- Executive Summary
DHS did not fully comply with the public law. TSA and the Coast Guard prepared, and DHS submitted, a CAP to Congress in June 2020. Although the CAP identified corrective actions for one area, it did not address four issues we consider significant. We recommended that DHS, in consultation with TSA and Coast Guard, re-evaluate the assessment to determine if further corrective actions are needed or justify excluding significant issues from the CAP. DHS did not concur with the recommendation, but we consider DHS’ actions partially responsive to the recommendation. We consider the recommendation open and unresolved.Report NumberOIG-21-66Issue DateDocument FileDHS AgencyFiscal Year2021
- Executive Summary
U.S. Customs and Border Protection (CBP) does not conduct COVID-19 testing for migrants who enter CBP custody and is not required to do so. Instead, CBP relies on local public health systems to test symptomatic individuals. According to CBP officials, as a frontline law enforcement agency, it does not have the necessary resources to conduct such testing. For migrants that are transferred or released from CBP custody into the United States, CBP coordinates with DHS, U.S. Immigration and Customs Enforcement, U.S. Department of Health and Human Services, and other Federal, state, and local partners for COVID-19 testing of migrants. In addition, although DHS generally follows guidance from the Centers for Disease Control and Prevention for COVID-19 preventative measures, the DHS’ multi-layered COVID-19 testing framework does not require CBP to conduct COVID-19 testing at CBP facilities. Further, DHS’ Chief Medical Officer does not have the authority to direct or enforce COVID-19 testing procedures. We recommended DHS reassess its COVID-19 response framework to identify areas for improvement to mitigate the spread of COVID-19 while balancing its primary mission of securing the border. Additionally, we recommended DHS ensure the components continue to coordinate with the DHS Chief Medical Officer and provide available resources needed to operate safely and effectively during the COVID-19 pandemic and any future public health crisis. We made two recommendations to improve DHS’ response to COVID-19 at the southwest border. DHS concurred with both recommendations.Report NumberOIG-21-60Issue DateDocument FileDHS AgencyFiscal Year2021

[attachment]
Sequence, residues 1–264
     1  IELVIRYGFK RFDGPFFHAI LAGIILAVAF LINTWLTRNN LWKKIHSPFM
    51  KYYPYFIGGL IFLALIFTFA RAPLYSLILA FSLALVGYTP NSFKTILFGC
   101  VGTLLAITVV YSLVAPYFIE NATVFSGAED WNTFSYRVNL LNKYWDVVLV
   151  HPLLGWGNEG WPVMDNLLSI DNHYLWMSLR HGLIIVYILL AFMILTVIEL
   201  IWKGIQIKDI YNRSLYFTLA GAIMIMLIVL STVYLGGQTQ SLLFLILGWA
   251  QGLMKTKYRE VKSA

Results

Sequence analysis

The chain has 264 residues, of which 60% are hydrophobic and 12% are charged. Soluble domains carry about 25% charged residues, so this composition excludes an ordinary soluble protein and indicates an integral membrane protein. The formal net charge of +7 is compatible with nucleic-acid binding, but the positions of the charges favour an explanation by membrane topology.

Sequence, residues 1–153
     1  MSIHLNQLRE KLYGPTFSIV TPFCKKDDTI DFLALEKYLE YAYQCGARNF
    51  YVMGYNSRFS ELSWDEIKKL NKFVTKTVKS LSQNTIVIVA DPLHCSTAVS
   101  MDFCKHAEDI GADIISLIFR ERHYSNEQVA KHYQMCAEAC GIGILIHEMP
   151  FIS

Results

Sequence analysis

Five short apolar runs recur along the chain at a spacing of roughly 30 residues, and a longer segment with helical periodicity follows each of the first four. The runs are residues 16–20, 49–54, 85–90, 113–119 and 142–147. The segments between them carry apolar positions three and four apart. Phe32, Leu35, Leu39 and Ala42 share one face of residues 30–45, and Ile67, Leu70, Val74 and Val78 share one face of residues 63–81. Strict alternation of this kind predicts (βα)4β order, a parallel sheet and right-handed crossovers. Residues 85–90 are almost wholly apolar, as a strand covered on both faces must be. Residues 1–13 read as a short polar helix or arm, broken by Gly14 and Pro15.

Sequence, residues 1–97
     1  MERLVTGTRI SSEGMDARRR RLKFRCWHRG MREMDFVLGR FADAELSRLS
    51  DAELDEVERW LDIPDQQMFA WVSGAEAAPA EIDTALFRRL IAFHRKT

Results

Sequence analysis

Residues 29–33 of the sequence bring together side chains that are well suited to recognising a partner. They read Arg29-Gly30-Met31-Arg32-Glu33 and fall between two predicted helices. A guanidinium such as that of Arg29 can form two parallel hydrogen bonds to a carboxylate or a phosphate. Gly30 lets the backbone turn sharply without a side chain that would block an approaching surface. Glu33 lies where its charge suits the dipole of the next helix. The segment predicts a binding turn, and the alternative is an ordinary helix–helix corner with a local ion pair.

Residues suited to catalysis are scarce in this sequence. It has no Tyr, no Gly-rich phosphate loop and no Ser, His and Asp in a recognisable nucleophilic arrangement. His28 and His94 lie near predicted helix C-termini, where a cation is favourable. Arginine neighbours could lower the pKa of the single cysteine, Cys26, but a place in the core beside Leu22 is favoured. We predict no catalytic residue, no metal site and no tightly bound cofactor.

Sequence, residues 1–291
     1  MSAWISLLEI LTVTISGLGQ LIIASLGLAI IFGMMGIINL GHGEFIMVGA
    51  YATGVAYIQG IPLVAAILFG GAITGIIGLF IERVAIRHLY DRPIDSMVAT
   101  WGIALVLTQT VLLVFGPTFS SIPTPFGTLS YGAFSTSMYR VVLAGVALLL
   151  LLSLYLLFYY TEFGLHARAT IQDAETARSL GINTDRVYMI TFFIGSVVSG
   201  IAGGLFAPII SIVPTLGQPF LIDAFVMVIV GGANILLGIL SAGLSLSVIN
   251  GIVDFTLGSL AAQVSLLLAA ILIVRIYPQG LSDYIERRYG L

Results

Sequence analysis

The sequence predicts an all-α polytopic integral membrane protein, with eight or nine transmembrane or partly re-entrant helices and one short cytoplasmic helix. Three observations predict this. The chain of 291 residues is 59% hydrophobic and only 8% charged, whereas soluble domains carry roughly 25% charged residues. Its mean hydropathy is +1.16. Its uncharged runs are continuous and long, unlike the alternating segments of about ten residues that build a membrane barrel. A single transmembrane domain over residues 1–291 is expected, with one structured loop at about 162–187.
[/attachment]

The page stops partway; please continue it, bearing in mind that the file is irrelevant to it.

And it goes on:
Department of Homeland Security's FY 2020 Compliance with the Payment Integrity Information Act of 2019 and Executive Order 13520, Reducing Improper PaymentsExecutive Summary
We determined DHS did not comply with Payment Integrity Information Act of 2019 (PIIA) in fiscal year 2020 because it did not achieve and report an improper payment rate of less than 10 percent for 2 of 12 programs reported in its FY 2020 Agency Financial Report. DHS complied with Executive Order 13520 by properly compiling and making available to the public its FY 2020 Quarterly High-Dollar Overpayment reports. We made two recommendations to DHS to follow Office of Management and Budget requirements and ensure the Federal Emergency Management Agency continues its remediation process to reduce improper payments. DHS concurred with both recommendations.Report NumberOIG-21-33Issue DateDocument FileFiscal Year2021
- Executive Summary